Skoda Octavia 2.0TDI vRS Estate : Hot Hatch

  • Our Octavia might be estate version, but it feels like a hot hatch on the road
  • Diesel engine mixes sub eight-seconds 0-62mph time with promised 61mpg
  • Not quite as economical in real-world, but still enjoyable to drive

I’m old enough to remember when 181bhp, a six speed manual gearbox and 18-inch alloy wheels were a recipe for the most rip-snorting of hot hatches. A check back through the extensive Parkers Facts and Figures pages reveals those numbers don’t stray too far from the 2003 RenaultSport Clio 182.

With similar power, but 16-inch wheels and a five-speed manual gearbox it was, and still is, regarded as one of the best hot-hatches of all time.

But those numbers at the top don’t relate to the latest supermini turned sportscar, but rather a family estate – our Skoda Octavia vRS diesel estate. Yes I said diesel.

Octavia vRS diesel

We already know about the history of vRS and the Skoda brand, but suffice to say those three letters, affixed to the rump of KX63 RSV denote it as the sportiest Octavia available. Based on the same platform as the VW Golf, SEAT Leon and Audi A3 (albeit with far more interior space) it is ostensibly a family car.

A look over the spec sheet suggests our particular yellow peril offers the chance to enjoy up to 61mpg while emitting just 119g/km of CO2. In comparison the Clio from ten years ago managed just 34mpg and 194g/km.

But where the Clio makes 180bhp and 200Nm, the Octavia produces 181bhp and a massive 380Nm of torque – the latter figure available from much lower in the rev range too. From a standing start the 300Kg lighter Renault beats the Skoda for acceleration, completing the 0-62mph sprint one second quicker (6.9 seconds versus 7.9 seconds) but in the midrange it’s a very different story. The Octavia boasts a higher top speed too.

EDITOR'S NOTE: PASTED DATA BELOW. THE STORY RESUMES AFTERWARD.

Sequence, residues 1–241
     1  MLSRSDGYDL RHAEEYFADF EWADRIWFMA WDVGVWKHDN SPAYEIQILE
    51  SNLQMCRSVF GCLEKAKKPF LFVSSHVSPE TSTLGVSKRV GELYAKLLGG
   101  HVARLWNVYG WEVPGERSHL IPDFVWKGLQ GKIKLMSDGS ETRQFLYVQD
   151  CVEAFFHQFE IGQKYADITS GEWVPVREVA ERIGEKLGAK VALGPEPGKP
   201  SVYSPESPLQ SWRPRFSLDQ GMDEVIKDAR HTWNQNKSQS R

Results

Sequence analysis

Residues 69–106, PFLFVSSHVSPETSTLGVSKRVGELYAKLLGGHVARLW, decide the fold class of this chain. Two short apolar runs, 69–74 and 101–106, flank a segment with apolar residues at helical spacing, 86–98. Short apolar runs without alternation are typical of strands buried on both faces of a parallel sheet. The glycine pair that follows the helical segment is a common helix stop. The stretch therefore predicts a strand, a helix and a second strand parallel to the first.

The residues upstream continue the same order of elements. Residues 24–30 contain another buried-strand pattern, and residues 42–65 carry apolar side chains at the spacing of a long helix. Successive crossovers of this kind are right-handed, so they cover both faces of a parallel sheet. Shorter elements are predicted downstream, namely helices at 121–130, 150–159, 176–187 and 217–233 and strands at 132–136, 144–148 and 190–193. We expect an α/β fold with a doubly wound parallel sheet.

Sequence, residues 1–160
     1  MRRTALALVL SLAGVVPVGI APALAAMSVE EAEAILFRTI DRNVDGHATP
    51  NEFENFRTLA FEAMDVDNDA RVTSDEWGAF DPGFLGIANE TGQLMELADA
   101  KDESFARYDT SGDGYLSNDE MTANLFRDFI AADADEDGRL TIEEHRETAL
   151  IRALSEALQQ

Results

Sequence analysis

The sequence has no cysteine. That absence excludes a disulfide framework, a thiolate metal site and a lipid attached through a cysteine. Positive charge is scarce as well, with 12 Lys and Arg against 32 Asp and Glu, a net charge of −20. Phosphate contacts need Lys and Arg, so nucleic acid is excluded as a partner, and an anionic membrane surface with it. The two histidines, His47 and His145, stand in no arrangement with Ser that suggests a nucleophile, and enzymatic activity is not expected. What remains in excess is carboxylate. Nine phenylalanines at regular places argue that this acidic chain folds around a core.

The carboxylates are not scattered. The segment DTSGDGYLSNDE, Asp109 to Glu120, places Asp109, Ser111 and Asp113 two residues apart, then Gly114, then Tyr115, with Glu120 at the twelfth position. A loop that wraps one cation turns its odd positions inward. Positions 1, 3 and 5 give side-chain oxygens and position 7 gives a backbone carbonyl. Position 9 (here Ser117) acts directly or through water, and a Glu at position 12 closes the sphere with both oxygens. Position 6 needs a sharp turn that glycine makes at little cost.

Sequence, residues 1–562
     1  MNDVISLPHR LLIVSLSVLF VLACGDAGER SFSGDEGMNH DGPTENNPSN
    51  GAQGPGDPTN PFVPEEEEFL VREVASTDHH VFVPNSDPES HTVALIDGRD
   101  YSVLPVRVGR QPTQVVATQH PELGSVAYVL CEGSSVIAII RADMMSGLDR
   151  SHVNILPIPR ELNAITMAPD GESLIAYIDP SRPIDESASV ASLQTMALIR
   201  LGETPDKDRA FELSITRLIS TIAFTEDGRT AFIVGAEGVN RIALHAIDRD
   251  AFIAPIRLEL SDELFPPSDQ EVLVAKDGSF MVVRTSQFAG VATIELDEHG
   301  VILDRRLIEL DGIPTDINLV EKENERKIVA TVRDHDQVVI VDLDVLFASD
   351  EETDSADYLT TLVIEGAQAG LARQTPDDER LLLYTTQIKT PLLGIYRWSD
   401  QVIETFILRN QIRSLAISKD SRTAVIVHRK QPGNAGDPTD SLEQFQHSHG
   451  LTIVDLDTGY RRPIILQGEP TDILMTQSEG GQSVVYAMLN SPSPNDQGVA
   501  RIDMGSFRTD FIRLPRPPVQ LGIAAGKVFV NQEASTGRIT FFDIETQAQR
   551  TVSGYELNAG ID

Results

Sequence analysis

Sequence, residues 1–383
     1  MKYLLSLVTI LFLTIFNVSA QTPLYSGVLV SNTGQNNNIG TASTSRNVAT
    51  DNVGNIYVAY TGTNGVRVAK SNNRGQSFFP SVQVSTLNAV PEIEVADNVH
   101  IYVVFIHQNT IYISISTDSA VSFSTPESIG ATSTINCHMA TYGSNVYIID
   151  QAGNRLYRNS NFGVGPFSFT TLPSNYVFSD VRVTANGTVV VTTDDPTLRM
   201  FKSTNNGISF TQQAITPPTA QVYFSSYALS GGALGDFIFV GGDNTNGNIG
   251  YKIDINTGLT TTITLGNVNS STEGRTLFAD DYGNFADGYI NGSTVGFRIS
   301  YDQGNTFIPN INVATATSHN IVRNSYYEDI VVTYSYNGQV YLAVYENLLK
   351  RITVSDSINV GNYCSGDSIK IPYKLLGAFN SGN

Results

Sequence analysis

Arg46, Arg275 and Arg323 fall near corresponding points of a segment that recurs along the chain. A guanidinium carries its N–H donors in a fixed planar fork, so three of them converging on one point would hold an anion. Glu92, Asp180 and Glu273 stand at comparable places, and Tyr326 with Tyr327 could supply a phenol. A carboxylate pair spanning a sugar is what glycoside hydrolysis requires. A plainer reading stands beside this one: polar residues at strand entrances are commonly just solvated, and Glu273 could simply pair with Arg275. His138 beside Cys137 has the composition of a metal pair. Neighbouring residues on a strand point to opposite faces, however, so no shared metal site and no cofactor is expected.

Skoda Octavia vRS cornering

Of course it all feels a little more lazy than frenetic with the Skoda, and there’s little point in revving that 2-litre four-cylinder diesel engine beyond 4,000rpm, but there’s no denying the urge on offer. Settle into its groove, rather than demand it follow your own, and the vRS can cover ground very quickly indeed

When it comes to the corners it’s probably worth admitting defeat to the deftly handling Clio, as the extra weight of the big Czech ultimately comes into play before the first apex. That said, after fitting 19-inch alloy wheels with summer tyres (in place of the 18-inch winter rubber RSV arrived with) our Octavia’s handling vastly improved.

Skoda Octavia vRS wheels

It’s helped by 13mm lower sports suspension (over the regular Octavia estate) and the standard-fit XDS electronic front differential. This isn’t a conventional limited slip differential, sending available power to the wheel that has the most available grip, but a device that will brake the front wheel that has the least purchase of the tarmac. A kind of electronic imitation if you will, that does a decent if not outstanding job of delivering all of the available torque from the vRS to the road.

You can adjust the way the car feels thanks to the Drive Select mode too, which alters steering and throttle response (as well as other non driving-related parameters such as air conditioning power and headlight operation). Select Sport and the vRS is at its most aggressive, with exaggerated engine noise in the cabin, a sharp throttle response and heavy steering. In truth the steering ruins it, but selecting Individual allows you to mix and match between Comfort, Normal and Sport settings for the perfect mix of responses. 

Octavia vRS front

Clearly it’s not going to trouble a Clio around a circuit, but on the road, in the real-world the Octavia vRS does more than keep its nose clean in the face of supposedly sportier models. It might boast a 610-litre load bay, plenty of standard equipment and a quality cabin perfect for growing families, but it’s more of a hot hatch than most would believe. 

 

Mileage: 9,327                    Economy: 43.4mpg (calculated)